You got funding and were tasked with getting your company’s medical product designed and to market. You’re excited, this is a big opportunity for you. You head up the effort of shopping around, looking at both independent design houses and contract manufacturers with design capabilities. You think to yourself “wouldn’t a one-stop shop be a better, lower risk option?” After getting some quotes and comparing costs you find that the CM/design houses are a cheaper solution, so you pat yourself on the back and make the decision.
As a new series on the Stratos blog we will be revisiting our customer's favorite blogs from the past. The series will feature one blog a month and this month we start out with lessons learned on a Tesla road trip that was originally posted in January of 2015.
This fall, my husband purchased his dream car, a Tesla Model S. He decided that we needed to take it on a road trip to visit my family for the holidays – which meant driving the Tesla from Seattle to Orange County – a one-way trip of 1,200 miles in a car that only has an optimistic range of 260 miles. Along the way, I discovered some parallels between the road trip and good product development practices.
In December I had the opportunity to present at the 2016 BIOMEDevice conference as part of the Embedded Systems Conference (ESC) in San Jose. Because of my experience with medical devices and cloud-based software development and many years as a systems and embedded software engineer, the topic chosen was how to address common errors in Cloud-connected medical device systems development.
In today’s medical device industry, it is becoming essential to select product development partners that have ISO 13485 certification. In fact, more and more medical device manufacturers are requiring their suppliers to be ISO 13485 certified.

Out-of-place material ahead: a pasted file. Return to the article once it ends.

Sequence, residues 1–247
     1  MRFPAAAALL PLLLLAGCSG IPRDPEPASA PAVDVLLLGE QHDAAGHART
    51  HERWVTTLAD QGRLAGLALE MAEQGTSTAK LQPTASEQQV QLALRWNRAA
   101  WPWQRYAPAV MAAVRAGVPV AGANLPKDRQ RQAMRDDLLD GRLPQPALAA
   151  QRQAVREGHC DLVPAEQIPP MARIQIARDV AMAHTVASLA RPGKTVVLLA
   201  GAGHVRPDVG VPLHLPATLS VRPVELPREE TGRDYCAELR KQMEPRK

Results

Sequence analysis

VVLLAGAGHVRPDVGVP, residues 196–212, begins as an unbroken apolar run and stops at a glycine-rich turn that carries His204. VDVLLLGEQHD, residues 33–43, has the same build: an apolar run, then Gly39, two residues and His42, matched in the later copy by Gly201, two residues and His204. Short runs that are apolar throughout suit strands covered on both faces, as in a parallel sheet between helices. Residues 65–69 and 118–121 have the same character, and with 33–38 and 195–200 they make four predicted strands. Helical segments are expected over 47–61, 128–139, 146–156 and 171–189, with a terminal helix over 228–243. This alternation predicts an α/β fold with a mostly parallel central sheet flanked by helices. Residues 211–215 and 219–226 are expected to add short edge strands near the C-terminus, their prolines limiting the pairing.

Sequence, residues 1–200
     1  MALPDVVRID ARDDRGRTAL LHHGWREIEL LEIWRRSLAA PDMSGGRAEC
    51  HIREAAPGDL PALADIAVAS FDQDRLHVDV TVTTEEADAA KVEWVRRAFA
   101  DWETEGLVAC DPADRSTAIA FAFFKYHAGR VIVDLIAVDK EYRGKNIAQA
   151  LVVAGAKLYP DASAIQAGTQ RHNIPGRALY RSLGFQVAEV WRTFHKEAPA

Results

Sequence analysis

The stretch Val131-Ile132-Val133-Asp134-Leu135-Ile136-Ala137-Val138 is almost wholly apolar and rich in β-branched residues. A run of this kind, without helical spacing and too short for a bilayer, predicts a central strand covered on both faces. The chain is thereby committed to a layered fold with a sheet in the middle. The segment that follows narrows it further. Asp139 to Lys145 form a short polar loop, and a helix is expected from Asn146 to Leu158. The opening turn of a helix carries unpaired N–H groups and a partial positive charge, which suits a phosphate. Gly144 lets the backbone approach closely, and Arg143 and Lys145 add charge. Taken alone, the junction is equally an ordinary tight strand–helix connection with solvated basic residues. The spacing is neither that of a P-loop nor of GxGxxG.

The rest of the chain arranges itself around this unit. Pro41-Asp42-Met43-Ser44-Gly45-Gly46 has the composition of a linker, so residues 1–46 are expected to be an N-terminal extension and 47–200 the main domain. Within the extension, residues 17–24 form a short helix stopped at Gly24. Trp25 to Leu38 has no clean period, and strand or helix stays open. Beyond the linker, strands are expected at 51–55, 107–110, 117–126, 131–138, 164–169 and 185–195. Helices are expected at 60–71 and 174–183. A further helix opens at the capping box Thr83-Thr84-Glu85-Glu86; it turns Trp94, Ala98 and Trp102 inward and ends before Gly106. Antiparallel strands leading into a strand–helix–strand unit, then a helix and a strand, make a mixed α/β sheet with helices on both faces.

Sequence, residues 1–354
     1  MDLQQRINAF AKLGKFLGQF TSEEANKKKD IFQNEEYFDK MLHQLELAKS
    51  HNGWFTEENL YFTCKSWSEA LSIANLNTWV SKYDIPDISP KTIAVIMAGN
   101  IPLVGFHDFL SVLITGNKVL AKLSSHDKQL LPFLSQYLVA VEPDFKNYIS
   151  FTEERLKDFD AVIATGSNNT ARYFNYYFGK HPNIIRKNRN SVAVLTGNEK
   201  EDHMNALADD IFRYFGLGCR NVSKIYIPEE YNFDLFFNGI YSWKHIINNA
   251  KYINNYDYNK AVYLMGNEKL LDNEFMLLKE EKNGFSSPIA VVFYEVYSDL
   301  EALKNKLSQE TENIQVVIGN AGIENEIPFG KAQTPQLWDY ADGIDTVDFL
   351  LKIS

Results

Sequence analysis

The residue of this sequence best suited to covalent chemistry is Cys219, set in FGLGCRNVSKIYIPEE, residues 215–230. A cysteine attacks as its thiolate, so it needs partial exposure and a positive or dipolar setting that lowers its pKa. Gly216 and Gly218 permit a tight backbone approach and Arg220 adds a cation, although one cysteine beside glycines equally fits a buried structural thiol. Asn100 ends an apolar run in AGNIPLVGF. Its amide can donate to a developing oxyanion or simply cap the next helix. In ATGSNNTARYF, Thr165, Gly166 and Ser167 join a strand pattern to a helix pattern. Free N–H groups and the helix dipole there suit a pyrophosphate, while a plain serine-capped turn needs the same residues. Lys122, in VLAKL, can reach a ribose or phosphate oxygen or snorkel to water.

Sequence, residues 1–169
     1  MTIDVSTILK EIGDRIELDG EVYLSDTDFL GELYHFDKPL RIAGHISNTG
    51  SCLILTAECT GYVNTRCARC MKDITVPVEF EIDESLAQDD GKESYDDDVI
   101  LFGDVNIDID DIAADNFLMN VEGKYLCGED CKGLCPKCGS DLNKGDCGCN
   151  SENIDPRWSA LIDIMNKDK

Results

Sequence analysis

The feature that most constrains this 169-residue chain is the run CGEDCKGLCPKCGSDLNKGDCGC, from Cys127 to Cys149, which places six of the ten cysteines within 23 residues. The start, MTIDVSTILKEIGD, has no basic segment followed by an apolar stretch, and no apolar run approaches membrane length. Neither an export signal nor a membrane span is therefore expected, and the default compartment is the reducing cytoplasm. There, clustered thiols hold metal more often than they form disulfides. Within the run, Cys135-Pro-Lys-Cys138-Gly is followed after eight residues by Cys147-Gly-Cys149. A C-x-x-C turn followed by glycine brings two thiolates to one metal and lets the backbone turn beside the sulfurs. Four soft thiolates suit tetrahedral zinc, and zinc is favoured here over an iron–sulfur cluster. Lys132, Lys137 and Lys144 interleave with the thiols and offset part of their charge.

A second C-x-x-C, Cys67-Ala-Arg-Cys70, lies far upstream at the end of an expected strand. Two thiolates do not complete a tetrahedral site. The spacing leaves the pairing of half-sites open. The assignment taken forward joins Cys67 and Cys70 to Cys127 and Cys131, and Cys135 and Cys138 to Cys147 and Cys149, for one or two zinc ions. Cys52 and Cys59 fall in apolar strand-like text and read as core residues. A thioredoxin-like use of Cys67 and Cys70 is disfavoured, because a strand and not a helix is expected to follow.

It is hard to avoid uncertainty in product development. Those that are seasoned in bringing products to market know that risk is an inevitable part of the development process. Project risks are lurking around every corner during product development. But don’t let that scare you.
For medical device developers outsourcing can be an effective solution to increase innovation, reduce risk and get to market quicker. Choosing the right development partner can be tricky when many make the same claims and seem to be equally qualified.
I was recently listening to a discussion about the difference between technology development and product development and why it’s so important to clearly understand. Lots of people fail to recognize the distinction and it costs them a lot of R&D dollars. Here’s one simple way to think about it.
In a recent work session the question of how to control scope creep in product development came up. It was an interesting discussion and I was struck by how the causes could be described in a pretty simple way. That’s not to say controlling scope creep is simple, but knowing the source may be a place to start. Here are three to be aware of: